To create a metastatic model, the cell line of interest is transfected with vectors containing green fluorescent protein (GFP) or luciferase.  Maintained under antibiotic selection, only cells containing the integrated vector will survive.  The new cell line clones are capable of stably expressing the gene of interest and are used in metastatic mouse model studies.  Although each new cell line clone may contain its own inherent difficulties, the new cell line contains the ability to track internal tumor progression via bioluminescence (luciferase fluorescence after injecting luciferin) or fluorescence (GFP).  Internal orthotopic and metastatic tumor growth (not palpable) can now be measured throughout the study, enabling a researcher to gain more insight and additional data in contrast to relying on end of study tumor weight measurements.

Case Study: U87-luc Xenograft Model

An example of Altogen Labs utilizing a luciferase expressing cell line to monitor orthotopic tumor growth is exhibited below.  The same ideology of tumor observation is incorporated in metastatic tumor models.

Luciferase expressing U87-luc cells were implanted and tumors allowed to grow.  Tumor growth was monitored in a Night Owl (Berthold Technologies) imaging system 10 minutes after an intraperitoneal (IP) injection of the luciferin substrate.  As seen in the example below, luciferase expression (measured as photons emitted) in the U87-luc model grants the researcher a visual image and quantifiable metric for orthotopic or metastatic tumor progression.

Figure 1. Luciferase expression in U87-luc orthotopic model.  Control and implanted glioma mouse model fluorescence was analyzed 10 minutes after intraperitoneal luciferin injection.

View full details of the case study by clicking here.

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A2058 Xenograft Model

Xenograft animal models are used to assess the effectiveness of drugs against specific types of cancer. New medicines are tested on staged tumor growths that have been engrafted via subcutaneous or orthotopic inoculation in an immunocompromised mouse or rat model. All clinically approved anti-cancer agents have been evaluated with conventional preclinical in vivo models. Xenograft studies can be highly complex, starting with the selection of the appropriate animal model, choice of tumorigenic cell line, administration method, dosing, analysis of tumor growth rates and tumor analysis (histology, mRNA and protein expression levels).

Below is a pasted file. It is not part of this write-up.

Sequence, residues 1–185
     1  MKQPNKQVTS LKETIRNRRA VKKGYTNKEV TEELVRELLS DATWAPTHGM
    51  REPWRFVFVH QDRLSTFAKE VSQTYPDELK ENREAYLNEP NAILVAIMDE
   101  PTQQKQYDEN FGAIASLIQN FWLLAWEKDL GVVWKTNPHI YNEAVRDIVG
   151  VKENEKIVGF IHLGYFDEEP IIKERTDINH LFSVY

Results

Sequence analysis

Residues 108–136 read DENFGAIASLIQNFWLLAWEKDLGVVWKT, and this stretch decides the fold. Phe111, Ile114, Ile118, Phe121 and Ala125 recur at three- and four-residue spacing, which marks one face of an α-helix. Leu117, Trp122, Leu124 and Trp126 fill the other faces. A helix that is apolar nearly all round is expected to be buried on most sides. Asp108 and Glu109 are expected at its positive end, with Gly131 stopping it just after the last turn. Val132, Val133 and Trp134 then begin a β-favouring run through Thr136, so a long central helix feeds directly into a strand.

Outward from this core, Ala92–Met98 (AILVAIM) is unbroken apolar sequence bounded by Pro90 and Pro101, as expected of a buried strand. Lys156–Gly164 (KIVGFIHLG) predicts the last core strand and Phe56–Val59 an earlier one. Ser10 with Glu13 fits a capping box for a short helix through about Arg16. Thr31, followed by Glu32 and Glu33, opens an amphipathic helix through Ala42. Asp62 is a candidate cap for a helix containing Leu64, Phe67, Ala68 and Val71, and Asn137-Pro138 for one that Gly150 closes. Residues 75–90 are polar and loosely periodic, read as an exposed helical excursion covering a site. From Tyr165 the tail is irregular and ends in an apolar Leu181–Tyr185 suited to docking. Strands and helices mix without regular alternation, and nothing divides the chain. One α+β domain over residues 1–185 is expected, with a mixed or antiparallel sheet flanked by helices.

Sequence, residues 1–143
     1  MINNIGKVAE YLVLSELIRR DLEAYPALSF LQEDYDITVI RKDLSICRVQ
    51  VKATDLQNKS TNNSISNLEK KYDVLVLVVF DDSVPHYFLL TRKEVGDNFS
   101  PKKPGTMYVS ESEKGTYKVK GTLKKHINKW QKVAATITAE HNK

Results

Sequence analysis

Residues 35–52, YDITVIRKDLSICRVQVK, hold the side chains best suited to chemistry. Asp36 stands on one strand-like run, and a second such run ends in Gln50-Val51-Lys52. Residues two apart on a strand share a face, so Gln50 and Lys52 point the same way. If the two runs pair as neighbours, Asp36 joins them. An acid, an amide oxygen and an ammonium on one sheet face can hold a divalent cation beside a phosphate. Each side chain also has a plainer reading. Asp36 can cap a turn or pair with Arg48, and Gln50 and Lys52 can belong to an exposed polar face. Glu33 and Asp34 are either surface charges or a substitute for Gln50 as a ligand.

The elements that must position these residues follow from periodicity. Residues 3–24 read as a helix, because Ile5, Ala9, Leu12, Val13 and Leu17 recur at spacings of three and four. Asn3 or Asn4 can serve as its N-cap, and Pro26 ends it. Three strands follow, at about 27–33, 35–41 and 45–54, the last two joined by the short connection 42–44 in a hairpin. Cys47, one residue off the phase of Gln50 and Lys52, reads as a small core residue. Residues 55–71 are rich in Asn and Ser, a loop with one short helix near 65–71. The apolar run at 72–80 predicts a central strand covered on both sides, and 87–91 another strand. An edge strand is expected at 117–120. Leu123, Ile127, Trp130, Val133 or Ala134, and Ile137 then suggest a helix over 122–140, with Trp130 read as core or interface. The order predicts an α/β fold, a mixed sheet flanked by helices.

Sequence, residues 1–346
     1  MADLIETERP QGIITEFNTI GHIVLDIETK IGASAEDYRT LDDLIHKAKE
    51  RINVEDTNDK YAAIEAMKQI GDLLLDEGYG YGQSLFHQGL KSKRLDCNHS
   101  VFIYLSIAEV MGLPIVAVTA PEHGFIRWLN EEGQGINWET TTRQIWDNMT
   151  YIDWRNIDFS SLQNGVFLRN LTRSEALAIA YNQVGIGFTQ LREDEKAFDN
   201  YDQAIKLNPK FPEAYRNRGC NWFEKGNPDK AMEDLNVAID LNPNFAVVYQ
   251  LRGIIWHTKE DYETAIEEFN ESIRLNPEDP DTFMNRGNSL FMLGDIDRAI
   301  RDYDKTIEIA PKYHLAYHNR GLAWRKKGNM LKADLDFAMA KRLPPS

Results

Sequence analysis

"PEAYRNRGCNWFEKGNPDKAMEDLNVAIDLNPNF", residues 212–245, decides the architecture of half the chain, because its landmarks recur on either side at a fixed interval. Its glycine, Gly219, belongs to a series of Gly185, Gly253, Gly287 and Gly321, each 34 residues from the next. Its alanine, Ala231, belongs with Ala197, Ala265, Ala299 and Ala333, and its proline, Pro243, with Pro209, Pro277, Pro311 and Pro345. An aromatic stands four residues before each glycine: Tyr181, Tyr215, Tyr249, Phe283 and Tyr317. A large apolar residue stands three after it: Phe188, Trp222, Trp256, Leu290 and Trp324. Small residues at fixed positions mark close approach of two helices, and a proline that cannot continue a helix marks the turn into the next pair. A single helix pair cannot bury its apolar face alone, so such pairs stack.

The dosing of the experimental compound of interest is initiated, for a staged study, when the mean tumor size reaches a specified volume (typically 50-100 mm3). In an unstaged study, the dosing of the compound of interest is initiated immediately after xenografting. Mice are dosed once or twice a day for 28 days (or other desired study duration) via the chosen route of administration. Tumor volume (mm3) is calculated via the “(W x W x L) / 2” formula, where W is tumor width and L is tumor length.

Animal handling and maintenance at the Altogen Labs facility is IACUC-regulated and GLP-compliant. Following acclimation to the vivarium environment, mice are sorted according to body mass. The animals are examined daily for tumor appearance and clinical signs. We provide detailed experimental procedures, health reports and data (all-inclusive report is provided to the client that includes methods, results, discussion and raw data along with statistical analysis). Additional services available include collection of tissue, histology, isolation of total protein or RNA and analysis of gene expression. Our animal facilities have the flexibility to use specialized food or water systems for inducible gene expression systems.

Following options are available for the A2058 xenograft model:

  • A2058 Tumor Growth Delay (TGD; latency)
  • A2058 Tumor Growth Inhibition (TGI)
  • Dosing frequency and duration of dose administration
  • Dosing route (intravenous, intratracheal, continuous infusion, intraperitoneal, intratumoral, oral gavage, topical, intramuscular, subcutaneous, intranasal, using cutting-edge micro-injection techniques and pump-controlled IV injection)
  • A2058 tumor immunohistochemistry
  • Alternative cell engraftment sites (orthotopic transplantation, tail vein injection and left ventricular injection for metastasis studies, injection into the mammary fat pad, intraperitoneal injection)
  • Blood chemistry analysis
  • Toxicity and survival (optional: performing a broad health observation program)
  • Gross necropsies and histopathology
  • Positive control group employing cyclophosphamide, at a dosage of 50 mg/kg administered by intramuscular injection to the control group daily for the study duration
  • Lipid distribution and metabolic assays
  • Imaging studies: Fluorescence-based whole body imaging, MRI

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A2058 Xenograft Model